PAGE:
Seven high-ranking UN officials who were expelled from Ethiopia by its government last week are no longer in the country due to fears over their safety, UN spokesman Farhan Haq announced on Monday.
The UN maintained its position that Ethiopia’s decision to expel the officials was not valid, but the workers were “moved from the country to ensure their safety”, Mr Haq said.
“None of the seven UN staff named by the Ethiopian government is in the country at present,” Mr Haq said in New York.
Addis Ababa on Thursday accused seven UN staffers of “meddling” in Ethiopian affairs, declared them “personae non grata” and gave them 72 hours to leave the country.
Mr Haq said the classification of persona non grata would apply only to foreign diplomats and not UN officials. The seven employees remained “fit for the job” and should be allowed back into the landlocked African nation, he said.
“We believe that they need to be able to go about their work, including having access to the country as needed,” said Mr Haq.
The row over the expelled UN officials comes as Ethiopia’s Prime Minister Abiy Ahmed was on Monday sworn in for a second five-year term at a ceremony in the capital Addis Ababa.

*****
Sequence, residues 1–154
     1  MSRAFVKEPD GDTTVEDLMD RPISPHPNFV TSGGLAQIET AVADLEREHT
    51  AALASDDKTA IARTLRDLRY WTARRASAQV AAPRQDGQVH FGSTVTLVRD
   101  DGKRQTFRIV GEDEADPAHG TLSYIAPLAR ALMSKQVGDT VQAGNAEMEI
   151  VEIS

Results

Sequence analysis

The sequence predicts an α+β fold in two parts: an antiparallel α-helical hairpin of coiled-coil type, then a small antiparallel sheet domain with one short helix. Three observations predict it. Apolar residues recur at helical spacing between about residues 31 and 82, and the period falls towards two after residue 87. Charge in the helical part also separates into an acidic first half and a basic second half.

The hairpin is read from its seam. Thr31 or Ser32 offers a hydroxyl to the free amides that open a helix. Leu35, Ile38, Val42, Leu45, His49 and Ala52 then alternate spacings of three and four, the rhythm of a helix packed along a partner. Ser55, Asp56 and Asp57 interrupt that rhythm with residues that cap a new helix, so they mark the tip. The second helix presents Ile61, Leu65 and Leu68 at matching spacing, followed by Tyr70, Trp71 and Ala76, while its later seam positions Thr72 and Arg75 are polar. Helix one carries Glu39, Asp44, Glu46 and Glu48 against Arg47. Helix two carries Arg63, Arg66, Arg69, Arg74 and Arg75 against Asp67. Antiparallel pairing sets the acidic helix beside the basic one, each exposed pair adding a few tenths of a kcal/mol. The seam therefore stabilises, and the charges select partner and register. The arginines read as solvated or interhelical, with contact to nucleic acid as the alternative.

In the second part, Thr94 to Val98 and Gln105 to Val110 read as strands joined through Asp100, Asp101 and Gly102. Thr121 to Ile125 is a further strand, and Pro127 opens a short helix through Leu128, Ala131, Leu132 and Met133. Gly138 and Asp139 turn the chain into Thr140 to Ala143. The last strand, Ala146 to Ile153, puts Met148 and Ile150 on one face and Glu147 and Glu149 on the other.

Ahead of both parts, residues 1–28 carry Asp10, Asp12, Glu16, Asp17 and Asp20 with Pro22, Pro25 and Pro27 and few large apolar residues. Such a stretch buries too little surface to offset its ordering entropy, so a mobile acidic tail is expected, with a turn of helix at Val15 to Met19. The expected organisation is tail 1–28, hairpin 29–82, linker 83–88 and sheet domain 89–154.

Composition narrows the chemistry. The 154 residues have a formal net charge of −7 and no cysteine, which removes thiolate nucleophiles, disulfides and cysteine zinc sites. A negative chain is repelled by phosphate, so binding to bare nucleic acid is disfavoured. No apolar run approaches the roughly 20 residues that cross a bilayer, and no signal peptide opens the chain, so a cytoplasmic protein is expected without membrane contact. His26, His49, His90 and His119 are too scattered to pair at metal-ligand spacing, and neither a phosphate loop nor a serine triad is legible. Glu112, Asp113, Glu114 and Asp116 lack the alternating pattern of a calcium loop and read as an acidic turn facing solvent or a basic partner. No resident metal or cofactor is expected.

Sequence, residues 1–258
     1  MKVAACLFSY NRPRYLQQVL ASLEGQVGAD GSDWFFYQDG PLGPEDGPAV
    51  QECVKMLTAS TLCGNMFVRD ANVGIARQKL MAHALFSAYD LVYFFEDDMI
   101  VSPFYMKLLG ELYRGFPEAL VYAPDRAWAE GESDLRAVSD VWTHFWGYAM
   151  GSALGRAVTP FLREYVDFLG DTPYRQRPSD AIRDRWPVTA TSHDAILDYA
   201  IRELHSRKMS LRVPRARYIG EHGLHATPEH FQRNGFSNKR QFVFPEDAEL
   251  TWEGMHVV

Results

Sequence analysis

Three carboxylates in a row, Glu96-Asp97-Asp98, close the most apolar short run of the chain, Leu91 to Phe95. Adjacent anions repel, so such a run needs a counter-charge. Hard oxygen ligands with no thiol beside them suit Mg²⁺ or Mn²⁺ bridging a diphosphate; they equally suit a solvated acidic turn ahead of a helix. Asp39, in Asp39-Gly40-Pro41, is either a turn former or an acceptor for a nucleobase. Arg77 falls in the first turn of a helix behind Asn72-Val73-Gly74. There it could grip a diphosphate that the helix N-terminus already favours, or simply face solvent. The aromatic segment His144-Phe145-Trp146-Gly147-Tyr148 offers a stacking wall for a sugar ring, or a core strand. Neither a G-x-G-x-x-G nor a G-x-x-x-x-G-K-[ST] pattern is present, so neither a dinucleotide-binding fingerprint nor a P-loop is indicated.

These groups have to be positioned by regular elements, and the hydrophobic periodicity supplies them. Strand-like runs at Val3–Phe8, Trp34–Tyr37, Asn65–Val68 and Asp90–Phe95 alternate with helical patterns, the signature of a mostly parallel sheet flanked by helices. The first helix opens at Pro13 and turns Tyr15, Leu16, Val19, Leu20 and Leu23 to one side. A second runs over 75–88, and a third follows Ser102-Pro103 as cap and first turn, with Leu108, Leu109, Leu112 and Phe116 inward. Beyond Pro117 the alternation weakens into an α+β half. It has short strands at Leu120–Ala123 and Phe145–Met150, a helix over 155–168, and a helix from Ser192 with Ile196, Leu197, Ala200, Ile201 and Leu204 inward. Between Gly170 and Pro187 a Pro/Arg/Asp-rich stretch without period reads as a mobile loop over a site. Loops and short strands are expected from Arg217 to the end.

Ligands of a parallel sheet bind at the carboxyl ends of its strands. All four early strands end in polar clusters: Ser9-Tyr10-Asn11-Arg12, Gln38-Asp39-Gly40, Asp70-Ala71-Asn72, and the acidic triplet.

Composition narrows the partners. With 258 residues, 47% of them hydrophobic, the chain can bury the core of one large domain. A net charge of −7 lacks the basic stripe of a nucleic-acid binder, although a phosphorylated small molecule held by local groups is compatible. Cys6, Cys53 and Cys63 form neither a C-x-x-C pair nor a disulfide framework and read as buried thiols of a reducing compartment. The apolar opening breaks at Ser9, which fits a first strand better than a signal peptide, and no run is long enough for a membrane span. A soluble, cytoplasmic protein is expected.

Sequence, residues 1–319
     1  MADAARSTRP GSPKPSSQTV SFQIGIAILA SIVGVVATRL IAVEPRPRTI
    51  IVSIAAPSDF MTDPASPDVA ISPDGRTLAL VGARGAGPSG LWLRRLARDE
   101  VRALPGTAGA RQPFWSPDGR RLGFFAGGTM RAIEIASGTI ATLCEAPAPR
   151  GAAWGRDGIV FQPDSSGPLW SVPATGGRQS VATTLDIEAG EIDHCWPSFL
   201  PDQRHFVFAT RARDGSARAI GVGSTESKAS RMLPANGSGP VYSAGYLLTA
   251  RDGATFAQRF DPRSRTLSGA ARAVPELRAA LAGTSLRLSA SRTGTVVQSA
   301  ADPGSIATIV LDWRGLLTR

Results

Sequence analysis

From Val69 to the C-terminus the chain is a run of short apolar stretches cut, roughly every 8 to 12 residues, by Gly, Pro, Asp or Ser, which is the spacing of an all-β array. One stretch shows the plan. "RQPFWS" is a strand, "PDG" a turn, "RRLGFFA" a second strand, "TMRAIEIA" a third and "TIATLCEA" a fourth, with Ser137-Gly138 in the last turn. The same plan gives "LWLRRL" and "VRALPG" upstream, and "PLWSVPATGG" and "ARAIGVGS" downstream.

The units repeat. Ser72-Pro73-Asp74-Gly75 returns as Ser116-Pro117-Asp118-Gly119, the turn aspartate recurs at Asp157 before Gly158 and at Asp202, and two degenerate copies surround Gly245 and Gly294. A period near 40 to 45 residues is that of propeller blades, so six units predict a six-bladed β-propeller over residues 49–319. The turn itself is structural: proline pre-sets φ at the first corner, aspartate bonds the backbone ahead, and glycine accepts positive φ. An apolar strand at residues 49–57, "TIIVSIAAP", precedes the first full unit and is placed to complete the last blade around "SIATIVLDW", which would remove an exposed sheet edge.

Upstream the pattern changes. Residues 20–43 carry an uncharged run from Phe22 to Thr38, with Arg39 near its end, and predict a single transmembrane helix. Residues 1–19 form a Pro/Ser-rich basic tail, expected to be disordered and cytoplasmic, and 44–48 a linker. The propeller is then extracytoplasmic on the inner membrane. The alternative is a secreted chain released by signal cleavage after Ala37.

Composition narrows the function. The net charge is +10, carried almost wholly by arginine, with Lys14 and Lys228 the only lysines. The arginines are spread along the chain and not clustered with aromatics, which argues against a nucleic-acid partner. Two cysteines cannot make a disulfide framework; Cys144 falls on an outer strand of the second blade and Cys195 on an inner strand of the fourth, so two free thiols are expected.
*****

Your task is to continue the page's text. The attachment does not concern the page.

He began his new term amid an 11-month conflict between the government and rebels in the northern Tigray region, who have since pushed into neighbouring Amhara and Afar regions.
Tens of thousands have been killed in the conflict and hundreds of thousands face famine-like conditions.
The prime minister, the 2019 Nobel Peace Prize winner for embracing political reforms and restoring ties with Eritrea, also faces other major challenges including ethnic violence and a worsening human rights situation.
US President Joe Biden, who is considering a genocide determination for the region, was asked by a reporter about the situation in Ethiopia on Monday but he declined to comment, saying he did not want to “confuse the American people”.